Student loan interest rates may rise
Rates due to double July 1 if Congress doesn't act
UNM students may be faced with more financial woes than just the recent tuition hikes if Congress fails to act on the interest rates of student loans.
The current interest rate on student loans, which was set by Congress at 3.4 percent for a year during June 2012, is set to double to 6.8 percent on July 1 due to Congress’ inability to come up with a long-term solution before the expiration deadline.
Last week, the Republican-controlled House of Representatives passed legislation that aims to solve the long-term problems of the interest rates, but the legislation would potentially raise those rates to 8.5 percent over a number of years. That figure becomes possible because the bill ties the student loan interest rates to market rates, and adds an additional 2.5 percent on top of that figure.
Under the legislation’s calculations, the Congressional Budget Office projects that the rates on those student loans would rise to 5 percent by 2014, and 7.7 percent in 2023.
Any potential raise in interest rates has been met with fierce opposition from Senate Democrats, including Sen. Martin Heinrich (D-NM).
In a statement sent to The Daily Lobo, Heinrich said he urges Congress to keep student loan interest rates at their current levels.
“Congress must act to keep interest rates on student loans from doubling this summer,” he said. “We need to give students a fair shot at succeeding in a tough economy, not saddle them with debt.”
Heinrich is considering a piece of legislation in the Senate that would extend the current interest rate of 3.4 percent until 2015.
“Earning a college degree shouldn’t be a luxury, but (should be) something that every American family can afford,” he said. “I’ll always fight to strengthen the middle class and work to make higher education more accessible to all New Mexicans so that every student who wants a college education can get one.”
An extension of the current low interest rates would be welcome news to students at UNM, who recently have already had to retool their financial plans in the face of the tuition hike that is slated to begin in the fall of 2013.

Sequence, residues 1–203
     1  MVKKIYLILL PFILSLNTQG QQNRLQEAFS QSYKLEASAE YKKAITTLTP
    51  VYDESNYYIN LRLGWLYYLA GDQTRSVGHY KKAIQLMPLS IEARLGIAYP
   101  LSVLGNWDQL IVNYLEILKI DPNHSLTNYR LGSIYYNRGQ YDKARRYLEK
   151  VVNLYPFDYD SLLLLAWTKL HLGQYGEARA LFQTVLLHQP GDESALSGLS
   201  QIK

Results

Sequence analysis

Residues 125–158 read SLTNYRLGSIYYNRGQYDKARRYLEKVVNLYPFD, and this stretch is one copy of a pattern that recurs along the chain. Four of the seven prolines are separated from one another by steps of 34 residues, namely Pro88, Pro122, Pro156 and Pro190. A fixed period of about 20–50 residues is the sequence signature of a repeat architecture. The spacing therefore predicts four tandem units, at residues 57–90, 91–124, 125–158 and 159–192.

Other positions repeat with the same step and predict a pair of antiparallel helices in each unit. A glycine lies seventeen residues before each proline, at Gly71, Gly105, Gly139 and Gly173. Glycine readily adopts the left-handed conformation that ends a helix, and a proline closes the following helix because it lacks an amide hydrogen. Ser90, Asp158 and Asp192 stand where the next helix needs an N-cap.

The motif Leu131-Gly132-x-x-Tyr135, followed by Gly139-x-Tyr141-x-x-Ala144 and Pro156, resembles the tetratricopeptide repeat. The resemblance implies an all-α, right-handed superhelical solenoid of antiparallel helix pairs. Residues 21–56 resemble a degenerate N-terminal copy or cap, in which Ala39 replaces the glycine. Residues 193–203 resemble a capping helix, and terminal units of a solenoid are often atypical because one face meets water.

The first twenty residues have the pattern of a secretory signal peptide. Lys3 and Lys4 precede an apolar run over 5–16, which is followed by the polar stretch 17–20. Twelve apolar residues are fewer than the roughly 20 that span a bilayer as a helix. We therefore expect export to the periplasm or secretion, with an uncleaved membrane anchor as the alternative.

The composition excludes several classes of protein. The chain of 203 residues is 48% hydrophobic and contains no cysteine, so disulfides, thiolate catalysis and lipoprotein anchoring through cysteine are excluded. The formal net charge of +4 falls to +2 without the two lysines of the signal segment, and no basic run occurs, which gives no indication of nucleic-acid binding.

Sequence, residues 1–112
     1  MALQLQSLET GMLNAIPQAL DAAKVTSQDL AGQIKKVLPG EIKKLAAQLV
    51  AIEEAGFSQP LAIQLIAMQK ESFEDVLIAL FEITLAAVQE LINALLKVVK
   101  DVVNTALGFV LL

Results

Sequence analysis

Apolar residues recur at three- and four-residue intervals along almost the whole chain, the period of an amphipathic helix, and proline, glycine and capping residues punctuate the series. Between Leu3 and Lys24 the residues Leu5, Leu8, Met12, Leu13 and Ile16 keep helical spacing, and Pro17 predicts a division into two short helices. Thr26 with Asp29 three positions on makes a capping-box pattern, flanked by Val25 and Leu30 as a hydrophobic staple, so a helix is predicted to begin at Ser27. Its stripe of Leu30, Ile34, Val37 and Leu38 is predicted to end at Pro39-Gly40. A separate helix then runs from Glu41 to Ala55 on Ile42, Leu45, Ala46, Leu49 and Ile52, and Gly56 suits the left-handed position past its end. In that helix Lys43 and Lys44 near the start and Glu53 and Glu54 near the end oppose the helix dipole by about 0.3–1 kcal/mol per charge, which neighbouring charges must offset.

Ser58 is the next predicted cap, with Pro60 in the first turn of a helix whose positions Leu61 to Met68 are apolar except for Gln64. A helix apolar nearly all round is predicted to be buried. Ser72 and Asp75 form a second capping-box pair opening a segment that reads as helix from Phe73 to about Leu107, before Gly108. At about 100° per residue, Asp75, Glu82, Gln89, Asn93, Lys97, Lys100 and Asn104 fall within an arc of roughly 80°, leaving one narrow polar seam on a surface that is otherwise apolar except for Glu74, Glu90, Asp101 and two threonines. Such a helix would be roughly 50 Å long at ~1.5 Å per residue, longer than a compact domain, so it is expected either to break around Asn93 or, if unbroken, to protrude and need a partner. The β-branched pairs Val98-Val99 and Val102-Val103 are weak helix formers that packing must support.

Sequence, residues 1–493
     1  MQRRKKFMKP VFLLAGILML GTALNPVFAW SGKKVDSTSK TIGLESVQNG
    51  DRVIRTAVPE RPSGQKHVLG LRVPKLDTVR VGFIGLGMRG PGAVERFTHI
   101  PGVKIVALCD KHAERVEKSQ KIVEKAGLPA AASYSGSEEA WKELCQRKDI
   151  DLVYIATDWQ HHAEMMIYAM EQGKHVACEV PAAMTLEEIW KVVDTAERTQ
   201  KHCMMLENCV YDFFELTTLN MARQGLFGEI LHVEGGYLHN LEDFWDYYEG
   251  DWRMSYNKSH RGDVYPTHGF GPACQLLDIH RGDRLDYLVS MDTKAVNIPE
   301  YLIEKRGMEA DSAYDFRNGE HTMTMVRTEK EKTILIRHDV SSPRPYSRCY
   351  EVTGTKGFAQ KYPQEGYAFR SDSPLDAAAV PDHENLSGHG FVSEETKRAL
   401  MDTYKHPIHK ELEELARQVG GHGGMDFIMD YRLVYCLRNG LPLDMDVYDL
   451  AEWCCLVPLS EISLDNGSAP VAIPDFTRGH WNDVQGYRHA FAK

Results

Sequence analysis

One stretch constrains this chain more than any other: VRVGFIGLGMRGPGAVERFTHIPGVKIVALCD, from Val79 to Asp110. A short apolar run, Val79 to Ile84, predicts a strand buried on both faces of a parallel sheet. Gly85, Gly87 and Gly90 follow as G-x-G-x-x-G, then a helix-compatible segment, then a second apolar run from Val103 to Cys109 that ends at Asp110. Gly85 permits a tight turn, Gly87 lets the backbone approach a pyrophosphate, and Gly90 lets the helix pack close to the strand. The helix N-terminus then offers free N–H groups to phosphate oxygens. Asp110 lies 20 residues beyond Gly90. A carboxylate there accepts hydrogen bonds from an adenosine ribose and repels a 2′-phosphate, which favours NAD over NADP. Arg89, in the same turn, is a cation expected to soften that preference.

“It’s disappointing because I have no other way to pay for my education except for student loans, and with the increase in tuition, it will just prompt me to take out even more student loans,” UNM student Bria Hartsfield said. “I kind of have to now because I’m not going to have a way to pay that so it will just put me further into debt, and I don’t really want to be paying it off for the rest of my life.”The new tuition hikes could cost up to an additional $1600 a year for undergraduate students, depending on the amount of credit hours students are enrolled in. The new rates call for an increase of $400 for students taking 15 credit hours or more per semester, while there is an $800 increase for those taking 12 credit hours or fewer per semester.
Hartsfield said the two increases would make it harder for many students to pay for school.
“I can imagine the financial burden that people would have if the interest rates doubled, because most of us can barely afford the latest tuition increase,” she said.
As it currently stands, interest rates on student loans are set to double on July 1 of this year unless Congress finds a solution. With the bill from the House being a political non-starter in the Senate, and also facing a veto threat from the White House, the future of student loans is uncertain.